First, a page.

A proposal to guide in “terra incognita”
How can elite athletes and para-athletes (hereafter referred as “athletes”) manage the return to performance by minimizing injury risk after this lockdown period due to Coronavirus disease 2019 (COVID-19) pandemic? We assume that, beyond the health-related clinical consequences of COVID-19 and/or lockdown – including COVID-19-related risk of cardiopulmonary decompensation – and despite efforts to maintain overall fitness (e.g., training initiatives, nutritional and sleep) without compromising their immune system and mental health,1 athletes may be at higher risk of injury when they will return to normal training and sport performance. We therefore aim to propose practical tips to help athletes in this challenging come back.
Athletes constitute a unique cohort of individuals facing this specific challenge such as potential infection susceptibility due to training, difficulty to execute highly-skilled movements, reduced interactions with coaches and access to training facilities, or competition rescheduling, in addition to adherence to universal guidelines for social distancing and personal hygiene.1 Given the absence of historical and scientific references to guide athletes’ return to performance following COVID-19 lockdown, stakeholders should rely on “indirect” detraining,2 space/bedrest-3 and injury-related knowledge,4 by taking into account each athlete’s status and lockdown situation.
A window of opportunity?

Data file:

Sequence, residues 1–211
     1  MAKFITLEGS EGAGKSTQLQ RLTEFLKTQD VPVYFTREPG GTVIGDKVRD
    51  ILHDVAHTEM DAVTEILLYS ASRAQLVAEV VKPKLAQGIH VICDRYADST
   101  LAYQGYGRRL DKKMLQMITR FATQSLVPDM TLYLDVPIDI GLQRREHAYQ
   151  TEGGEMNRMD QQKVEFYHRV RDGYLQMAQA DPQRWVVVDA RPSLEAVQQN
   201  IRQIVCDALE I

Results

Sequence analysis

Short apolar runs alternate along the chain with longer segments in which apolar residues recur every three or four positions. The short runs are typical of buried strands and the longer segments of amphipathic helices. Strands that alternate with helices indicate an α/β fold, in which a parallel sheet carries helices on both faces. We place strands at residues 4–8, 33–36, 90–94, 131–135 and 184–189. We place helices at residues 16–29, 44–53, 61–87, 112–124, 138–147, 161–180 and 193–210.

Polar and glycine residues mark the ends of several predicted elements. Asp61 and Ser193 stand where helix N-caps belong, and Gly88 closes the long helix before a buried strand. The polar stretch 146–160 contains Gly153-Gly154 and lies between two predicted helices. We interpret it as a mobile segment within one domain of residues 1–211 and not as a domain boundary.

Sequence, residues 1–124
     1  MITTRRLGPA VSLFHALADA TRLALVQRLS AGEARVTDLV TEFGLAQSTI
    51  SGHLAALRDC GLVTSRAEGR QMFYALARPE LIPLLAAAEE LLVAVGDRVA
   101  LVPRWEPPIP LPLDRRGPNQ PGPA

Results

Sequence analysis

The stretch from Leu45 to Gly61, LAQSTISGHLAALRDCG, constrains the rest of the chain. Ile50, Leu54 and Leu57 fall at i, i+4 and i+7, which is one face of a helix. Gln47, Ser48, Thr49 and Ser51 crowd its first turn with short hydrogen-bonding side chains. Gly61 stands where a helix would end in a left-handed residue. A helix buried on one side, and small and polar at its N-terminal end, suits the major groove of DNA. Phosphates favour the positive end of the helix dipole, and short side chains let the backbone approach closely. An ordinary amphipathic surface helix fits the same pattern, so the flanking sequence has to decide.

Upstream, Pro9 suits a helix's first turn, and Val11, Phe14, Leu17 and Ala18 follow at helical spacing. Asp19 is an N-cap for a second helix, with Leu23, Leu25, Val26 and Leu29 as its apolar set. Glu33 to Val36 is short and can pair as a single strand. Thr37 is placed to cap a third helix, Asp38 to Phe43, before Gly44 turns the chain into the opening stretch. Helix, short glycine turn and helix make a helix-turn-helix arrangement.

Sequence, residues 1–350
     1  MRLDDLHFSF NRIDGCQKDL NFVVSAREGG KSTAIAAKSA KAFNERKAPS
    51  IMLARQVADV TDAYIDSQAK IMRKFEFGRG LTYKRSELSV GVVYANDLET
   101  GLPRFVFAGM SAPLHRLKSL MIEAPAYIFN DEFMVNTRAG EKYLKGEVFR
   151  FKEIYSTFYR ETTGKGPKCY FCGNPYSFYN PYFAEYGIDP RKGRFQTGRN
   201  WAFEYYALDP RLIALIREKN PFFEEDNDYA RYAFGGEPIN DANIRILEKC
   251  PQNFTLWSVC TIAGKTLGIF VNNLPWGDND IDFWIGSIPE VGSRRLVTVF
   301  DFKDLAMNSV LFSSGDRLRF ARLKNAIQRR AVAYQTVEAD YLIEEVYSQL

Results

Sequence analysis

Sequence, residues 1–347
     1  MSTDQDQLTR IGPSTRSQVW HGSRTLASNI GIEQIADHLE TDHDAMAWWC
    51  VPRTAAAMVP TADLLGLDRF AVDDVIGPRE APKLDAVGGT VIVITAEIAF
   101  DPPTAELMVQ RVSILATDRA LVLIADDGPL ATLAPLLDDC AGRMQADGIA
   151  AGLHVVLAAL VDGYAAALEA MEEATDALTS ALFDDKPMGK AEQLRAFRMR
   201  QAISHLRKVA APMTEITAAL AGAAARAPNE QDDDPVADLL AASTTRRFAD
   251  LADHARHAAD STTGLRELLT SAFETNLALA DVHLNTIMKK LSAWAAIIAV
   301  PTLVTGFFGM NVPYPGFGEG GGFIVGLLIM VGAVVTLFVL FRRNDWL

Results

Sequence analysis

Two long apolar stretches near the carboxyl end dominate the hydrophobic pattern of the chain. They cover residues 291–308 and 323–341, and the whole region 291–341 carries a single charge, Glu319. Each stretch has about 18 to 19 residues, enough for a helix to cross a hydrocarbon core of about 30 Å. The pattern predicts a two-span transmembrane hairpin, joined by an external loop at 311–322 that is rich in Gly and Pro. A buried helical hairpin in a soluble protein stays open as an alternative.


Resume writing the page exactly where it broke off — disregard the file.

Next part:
While the first 3-4 weeks of the lockdown elicit detraining (e.g., muscle mass and power loss, decline in sprint- and endurance-related physiological and performance outcomes), it provides a “window of opportunity”.5 While likely resembling an inter-season transition period,5 it adds a stress due to uncertainty (e.g., COVID-19 and season reprogramming). But how much down time is too long? With lockdown extended up to a minimum of 8 weeks in many countries, the “minimum effective dose” to maintain/attenuate the decay of endurance- and neuromuscular-related performance factors is unlikely to meet the specific exercise recommendations aiming to decrease respiratory tract infection risk (i.e., 30-60 min at 60-80% of maximum capacity, 3-5 days per week).1 More importantly, the “home-work” fitness regimes are probably poorly effective for athletes, in particular if they did not reach their sport-specific requirements (e.g., maximal musculoskeletal tension during specific movement such as sprinting or throwing). Such condition will place athletes at higher injury risk when restarting “real-world” sport. Interestingly, some medical recommendations in elite soccer only focused on strength and endurance maintenance (with submaximal stimulus level) and ignore speed-related explosive movements.6 Due to the different time course of both muscle and tendon adaptations during detraining and that 8 weeks of sub-maximal resistance training are not sufficient to increase tendon stiffness,7 adding maximal mechanical loading appears paramount during the lockdown in order to reduce the injury risk when returning to sport and performance. In addition to the decrease in relative training time, possible lower mechanical loading during lockdown-induced daily life could not be excluded, likely altering postural muscles and joint dynamic stability. As such, ensuring that muscle-tendon units spend a sufficient time under tension (e.g., daily displacements, walking, low-to-moderate velocity running) is also a preventive prerequisite, in addition to the required sport-specific maximal mechanical loading.